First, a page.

Manila, 14 November. I needed to wake up early for the opening plenary of the fourth Asia Pacific Economic Cooperation Business Advisory Council Meeting. I reached for my phone and there was a flood of alerts. Paris, the city of lights had come under attack. In those early hours, there was not yet confirmation that the shootings, suicide bombs and hostage taking were coordinated—but it seemed likely. As the hours passed, the death toll rose frighteningly quickly.
Over 135 people were killed in the Paris attacks, a scant day after suicide bombers in Beirut killed over 35 people. Just one week after, 21 people were killed in Mali.
These attacks bracketed the Apec economic leaders meeting held November 18 to 19 in Manila. Both fittingly and ironically, the Apec meetings that focused on inclusion and resilience a batter world were held against a backdrop of violence and division.
Following the attacks in Beirut and Paris, CNN ran a documentary on the rise of ISIS with the tagline #blindsided. The documentary echoed what many analysts had been saying about the modern war ISIS is fighting.
Heghlu’meH QaQ jajvam. “Today is a good day to die.” In the Star Trek universe, that one phrase explained why the Klingon warrior is so formidable. Perhaps the most dangerous fighter is the one who is unafraid to die. That is the fighter that will take risks that are incomprehensible to the rest of us. Because we cannot imagine this, we cannot anticipate it. If we cannot anticipate it, then we cannot defend against it. Then we are blindsided.
And that, in fact, is what most analysts say is particularly worrying about ISIS—its ability to attract recruits. These recruits are not soldiers trained to fight a war of logic and calculated risks. These are believers who are in a crusade, one which they believe is righteous. This is a war with reason and economics on one side, and emotion and conviction on the other.
The CNN documentary echoed a Washington Post piece by Greg Miller and Souad Mekhennet on the ISIS propaganda machinery. ISIS, they say is essentially a messaging machine. This war is not being fought with guns. It is fought with cameras and photographs. The battleground is the 24-hour news cycle and the lightning quick mobile platforms of social media.
The same posts and reports that create fear and outrage among those attacked feed pride and a hunger for meaning to the ISIS audience. Like many other terror organizations, ISIS recruits the disaffected, the marginalized. Imagine you are young and strong and angry because society has no place for you. Imagine you have been told you have no value. Then imagine someone telling you that you can be a hero, that you can make a difference. Imagine them telling you that you will have a chance to strike against the most powerful nations on the planet. What would you do?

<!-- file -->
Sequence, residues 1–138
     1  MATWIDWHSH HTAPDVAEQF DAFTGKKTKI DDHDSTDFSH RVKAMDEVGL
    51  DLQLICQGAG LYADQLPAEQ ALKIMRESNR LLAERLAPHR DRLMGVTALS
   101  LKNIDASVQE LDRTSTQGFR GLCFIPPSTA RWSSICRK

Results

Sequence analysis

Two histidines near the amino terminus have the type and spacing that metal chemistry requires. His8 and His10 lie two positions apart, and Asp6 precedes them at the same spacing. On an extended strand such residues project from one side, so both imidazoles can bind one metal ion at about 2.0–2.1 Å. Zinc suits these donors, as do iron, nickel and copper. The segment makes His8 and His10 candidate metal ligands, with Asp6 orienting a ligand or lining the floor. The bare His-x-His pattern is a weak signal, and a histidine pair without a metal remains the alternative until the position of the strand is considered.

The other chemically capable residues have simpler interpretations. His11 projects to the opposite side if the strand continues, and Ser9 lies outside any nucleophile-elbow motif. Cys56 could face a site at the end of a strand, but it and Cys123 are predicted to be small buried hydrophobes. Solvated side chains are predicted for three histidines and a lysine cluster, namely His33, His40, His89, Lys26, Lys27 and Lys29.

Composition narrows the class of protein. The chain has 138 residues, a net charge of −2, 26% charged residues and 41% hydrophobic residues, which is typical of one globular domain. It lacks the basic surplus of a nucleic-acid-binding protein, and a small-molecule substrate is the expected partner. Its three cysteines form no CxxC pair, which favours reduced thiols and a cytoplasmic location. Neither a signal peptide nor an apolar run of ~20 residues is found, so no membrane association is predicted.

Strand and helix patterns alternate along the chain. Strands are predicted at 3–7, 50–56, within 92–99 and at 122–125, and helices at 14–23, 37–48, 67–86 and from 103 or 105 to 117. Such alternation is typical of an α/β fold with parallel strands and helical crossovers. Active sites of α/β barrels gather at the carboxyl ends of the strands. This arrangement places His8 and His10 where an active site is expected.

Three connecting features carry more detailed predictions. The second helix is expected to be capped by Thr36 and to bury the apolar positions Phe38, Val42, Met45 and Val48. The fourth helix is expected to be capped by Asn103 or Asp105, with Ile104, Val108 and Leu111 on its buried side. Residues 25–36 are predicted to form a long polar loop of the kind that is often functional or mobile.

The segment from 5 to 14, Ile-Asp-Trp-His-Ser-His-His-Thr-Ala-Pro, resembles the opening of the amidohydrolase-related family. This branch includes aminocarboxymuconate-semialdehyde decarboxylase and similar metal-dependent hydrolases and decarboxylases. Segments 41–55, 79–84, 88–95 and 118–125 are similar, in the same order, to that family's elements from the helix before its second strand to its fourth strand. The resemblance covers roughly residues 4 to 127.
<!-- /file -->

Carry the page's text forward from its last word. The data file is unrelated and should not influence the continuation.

What makes the ISIS recruitment videos so effective, analysts say, is that they intersperse the images of strength and force with images of happiness and camaraderie. It should come as no surprise to anyone with military training that this is an extremely effective mix of emotional themes. War, after all, is about getting soldiers to endure and sometimes, perpetrate, what would normally be considered atrocities. These extreme circumstances are borne through a potent mix of courage and fraternity. There is a reason boot camps are severe. Boot camp teaches laser focus. Boot camp teaches soldiers to be strong, to endure, to rely on each other—often to the exclusion of everything else. That is the attitude needed in battle.
This is clearly a mix of emotions that is hardwired into the human psyche. ISIS, apparently, has managed to use it to great effect.
And that is the reality of this situation. As long as the recruits willing to die for the cause stream into the territories controlled by ISIS, ISIS can continue to wage this war of terror.
A security strategy is critical, of course. And so is a military strategy. But what is clear about this rise of ISIS is that Iraq fell because the soldiers decided not to fight for their government. A military strategy that presumes all soldiers will fight for the government they belong to will not work in countries where a sense of community and loyalty has not been established. In the broken nations ISIS could target, the real vulnerability does not lie only in the lack of training or firepower, it lies truly in the absence of community. In the many nations from which the ISIS recruits come, the real concern is not about physical restrictions, it is about the lack of emotional links to their own nations.
At the heart of this war is a sense of community—the lack of it, the desire for it.
This, in fact, is what a large part of leadership is about. Whether in politics or in business, what has always been clear is that while explicit rewards have a place, the strongest bonds and the best coordinated performance comes from teams that have a deep commitment to their cause and to each other.
This amorphous thing that we call by different names: culture, share values, alignment is, at its heart, a sense of community. Man is a social being. When managers forget this, organizations falter. When leaders of nations forget it, the social fabric frays. That the Apec theme is about inclusion is encouraging. These leaders, if they are true to their word, might actually lay the foundation for a wider and lasting peace.
Readers can email Maya at firstname.lastname@example.org. Or visit her site at http://integrations.tumblr.com.